On top of these presumption clauses, drug trafficking over the stipulated quantities comes with the MANDATORY death penalty. This means that the judge has no discretion in considering mitigating circumstances and handing out sentences. Once you’re found guilty – remember presumption clauses! – you WILL be sentenced to death. Goodbye.

Just look at the case of Iwuchukwu Amara Tochi, a young man from Nigeria who came to Singapore with the hopes of being a footballer. Although his trial judge admitted that “there was no direct evidence that he knew the capsules contained diamorphine”, he was executed anyway.

So it’s not true that one has no need to worry about the death penalty in Singapore if one does not commit murder or traffic drugs. All it takes is for someone to slip something into your bag/pocket/suitcase while you’re on holiday; 15g of heroin ain’t exactly a big package.

Fortunately, an Internet search reveals that there are indeed such support groups…

Rebaczonok-Padulo concludes his article with a list of 3 victims’ support groups in America, praising them for having “got their priorities right”. By listing these groups (LOLAMFamilies of Murder Victims and Survivors of Homicide) in the context of his article, he seems to be suggesting that if we advocate abolishment of the death penalty, we are somehow letting these people down, disrespecting and neglecting their human rights. Seeing these links in his article, an average reader would have the impression that these groups are pro-death penalty.

However, if you actually look at the website, none of them are actually advocating the death penalty. In fact, Loved Ones Left After Murder (LOLAM) even states that the family’s “religious convictions will not allow them to advocate capital punishment”. These groups are not about baying for blood, they are about supporting the people left behind, and lobbying the government for better crime prevention and legislation.

In fact, there are a number of groups out there that both support the victims as well as campaign against the death penalty. Murder Victims’ Families for Reconciliation (MVFR) is one such example. Murder Victims’ Families for Human Rights (MVFHR) is another. In fact, you can find a whole list of literature, reports and organisations from victims against the death penalty here. The stories from these organisations are extraordinary tales of compassion, mercy and humanity.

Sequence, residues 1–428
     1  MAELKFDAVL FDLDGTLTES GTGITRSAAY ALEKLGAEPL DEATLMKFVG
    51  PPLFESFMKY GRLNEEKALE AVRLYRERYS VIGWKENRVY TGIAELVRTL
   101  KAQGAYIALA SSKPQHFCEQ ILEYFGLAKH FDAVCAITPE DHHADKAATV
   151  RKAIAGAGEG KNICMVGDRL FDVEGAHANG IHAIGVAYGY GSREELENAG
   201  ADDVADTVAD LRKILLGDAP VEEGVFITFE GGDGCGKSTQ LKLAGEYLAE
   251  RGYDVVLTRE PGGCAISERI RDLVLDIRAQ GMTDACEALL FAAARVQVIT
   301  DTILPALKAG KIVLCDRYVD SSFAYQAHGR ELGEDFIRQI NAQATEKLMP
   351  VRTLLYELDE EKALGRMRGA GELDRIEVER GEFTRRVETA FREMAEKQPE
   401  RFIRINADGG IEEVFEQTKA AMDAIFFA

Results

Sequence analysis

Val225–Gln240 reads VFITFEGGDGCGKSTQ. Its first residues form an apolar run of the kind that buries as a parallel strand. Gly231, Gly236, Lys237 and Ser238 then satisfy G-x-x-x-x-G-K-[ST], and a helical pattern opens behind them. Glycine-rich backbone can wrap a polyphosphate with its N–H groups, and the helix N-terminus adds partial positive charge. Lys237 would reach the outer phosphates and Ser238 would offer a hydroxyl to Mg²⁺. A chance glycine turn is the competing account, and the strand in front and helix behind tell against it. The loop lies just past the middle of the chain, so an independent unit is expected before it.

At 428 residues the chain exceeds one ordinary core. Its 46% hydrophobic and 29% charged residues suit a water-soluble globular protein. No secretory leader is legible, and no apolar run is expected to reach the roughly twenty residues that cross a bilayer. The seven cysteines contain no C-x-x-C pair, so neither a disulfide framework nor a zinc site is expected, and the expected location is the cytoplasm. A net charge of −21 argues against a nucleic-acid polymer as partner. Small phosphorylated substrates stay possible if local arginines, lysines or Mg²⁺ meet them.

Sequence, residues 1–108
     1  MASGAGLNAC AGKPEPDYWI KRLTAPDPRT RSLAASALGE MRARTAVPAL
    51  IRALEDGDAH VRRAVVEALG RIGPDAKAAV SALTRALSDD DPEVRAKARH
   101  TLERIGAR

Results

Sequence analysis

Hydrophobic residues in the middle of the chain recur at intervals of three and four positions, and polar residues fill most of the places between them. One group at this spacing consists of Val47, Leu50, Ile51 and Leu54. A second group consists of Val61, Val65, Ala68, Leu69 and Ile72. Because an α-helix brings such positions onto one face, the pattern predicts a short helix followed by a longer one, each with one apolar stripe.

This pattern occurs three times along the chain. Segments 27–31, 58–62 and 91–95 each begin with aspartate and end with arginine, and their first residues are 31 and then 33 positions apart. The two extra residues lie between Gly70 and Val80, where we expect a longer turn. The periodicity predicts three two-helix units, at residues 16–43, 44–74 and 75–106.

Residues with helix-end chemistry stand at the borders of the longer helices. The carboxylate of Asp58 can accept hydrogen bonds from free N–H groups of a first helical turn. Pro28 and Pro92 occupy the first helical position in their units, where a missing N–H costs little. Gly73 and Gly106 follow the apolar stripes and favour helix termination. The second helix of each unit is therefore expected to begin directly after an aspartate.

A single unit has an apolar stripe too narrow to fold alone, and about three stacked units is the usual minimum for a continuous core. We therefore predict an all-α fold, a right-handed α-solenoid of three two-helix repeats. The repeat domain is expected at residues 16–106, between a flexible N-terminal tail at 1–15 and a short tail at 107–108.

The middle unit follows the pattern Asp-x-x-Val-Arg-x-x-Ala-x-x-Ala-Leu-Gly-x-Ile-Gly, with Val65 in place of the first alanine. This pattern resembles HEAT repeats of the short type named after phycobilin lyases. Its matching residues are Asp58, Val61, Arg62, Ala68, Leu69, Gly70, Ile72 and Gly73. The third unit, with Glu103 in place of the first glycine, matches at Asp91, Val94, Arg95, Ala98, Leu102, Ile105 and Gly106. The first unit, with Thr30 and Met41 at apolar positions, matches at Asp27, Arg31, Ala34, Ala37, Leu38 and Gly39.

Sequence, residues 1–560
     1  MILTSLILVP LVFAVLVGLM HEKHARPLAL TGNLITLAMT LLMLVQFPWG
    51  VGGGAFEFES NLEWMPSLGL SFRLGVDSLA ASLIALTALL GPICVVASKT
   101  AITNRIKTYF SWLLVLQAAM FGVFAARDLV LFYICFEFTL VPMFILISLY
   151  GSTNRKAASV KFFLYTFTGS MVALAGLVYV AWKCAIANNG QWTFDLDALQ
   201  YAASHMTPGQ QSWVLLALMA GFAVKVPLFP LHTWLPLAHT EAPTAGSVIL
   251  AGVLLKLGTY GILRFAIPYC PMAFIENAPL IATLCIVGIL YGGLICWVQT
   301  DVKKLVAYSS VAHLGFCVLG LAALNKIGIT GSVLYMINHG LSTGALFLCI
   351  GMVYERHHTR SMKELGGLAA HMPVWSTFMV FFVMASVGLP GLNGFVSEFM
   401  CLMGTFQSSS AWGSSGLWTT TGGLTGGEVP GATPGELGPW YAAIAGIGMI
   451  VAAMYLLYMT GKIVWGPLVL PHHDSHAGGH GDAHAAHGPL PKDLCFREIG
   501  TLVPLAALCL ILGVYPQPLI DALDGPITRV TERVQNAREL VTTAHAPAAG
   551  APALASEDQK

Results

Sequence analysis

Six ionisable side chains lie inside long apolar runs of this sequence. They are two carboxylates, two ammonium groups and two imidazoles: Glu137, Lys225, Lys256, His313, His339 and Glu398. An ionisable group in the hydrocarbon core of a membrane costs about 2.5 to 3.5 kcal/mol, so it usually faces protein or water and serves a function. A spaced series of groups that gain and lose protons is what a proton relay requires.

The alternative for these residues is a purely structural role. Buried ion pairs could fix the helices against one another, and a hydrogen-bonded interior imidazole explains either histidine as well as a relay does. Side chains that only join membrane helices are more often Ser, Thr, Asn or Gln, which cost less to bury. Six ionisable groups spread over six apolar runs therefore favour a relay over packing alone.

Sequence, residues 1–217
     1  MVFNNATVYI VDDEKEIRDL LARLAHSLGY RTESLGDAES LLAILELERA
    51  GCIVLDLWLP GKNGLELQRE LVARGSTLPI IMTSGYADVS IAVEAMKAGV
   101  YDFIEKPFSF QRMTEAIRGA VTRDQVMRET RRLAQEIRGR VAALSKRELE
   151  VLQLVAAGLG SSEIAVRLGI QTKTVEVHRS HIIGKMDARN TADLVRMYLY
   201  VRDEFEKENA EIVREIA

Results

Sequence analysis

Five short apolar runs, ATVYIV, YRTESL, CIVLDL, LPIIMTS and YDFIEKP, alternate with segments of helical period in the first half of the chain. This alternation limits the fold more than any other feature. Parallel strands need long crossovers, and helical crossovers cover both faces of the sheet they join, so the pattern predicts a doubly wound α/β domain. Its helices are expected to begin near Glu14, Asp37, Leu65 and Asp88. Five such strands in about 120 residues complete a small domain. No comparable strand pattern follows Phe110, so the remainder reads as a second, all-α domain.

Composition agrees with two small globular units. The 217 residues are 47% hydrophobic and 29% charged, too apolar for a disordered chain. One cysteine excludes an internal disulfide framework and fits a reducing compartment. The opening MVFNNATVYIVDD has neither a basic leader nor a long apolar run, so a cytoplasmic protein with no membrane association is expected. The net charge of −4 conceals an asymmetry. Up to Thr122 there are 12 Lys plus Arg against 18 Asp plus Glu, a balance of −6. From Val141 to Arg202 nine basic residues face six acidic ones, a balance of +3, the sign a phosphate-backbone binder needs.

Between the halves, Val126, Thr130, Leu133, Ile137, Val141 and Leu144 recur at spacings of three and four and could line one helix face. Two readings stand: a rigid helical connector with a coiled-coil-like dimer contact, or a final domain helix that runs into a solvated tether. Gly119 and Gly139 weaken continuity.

This clearly proves that being anti-death penalty and caring for victims are not mutually exclusive standpoints. In fact, the above organisations have proven that one could even be a victim and still be anti-death penalty.

In summary, I find Rebaczonok-Padulo’s assumption that anti-death penalty advocates neglect the plight of the victims to be false. Contrary to his beliefs, one can support and sympathise with the victims while calling for the abolishment of capital punishment. Also contrary to his assertions, the abolishment of the death penalty is not an infringement of the human rights of victims. Two wrongs do not make a right. Death does not make things better; it only inflicts pain on yet another family.

I thank Mr Rebaczonok-Padulo for joining in the death penalty discussion and weighing in with his views on the YPAP website. I respect his right to his own view and standpoint, and would therefore ask him to extend the same courtesy to me and my fellow anti-death penalty campaigners, and thank him to not make such snap judgements or hasty generalisations about our priorities.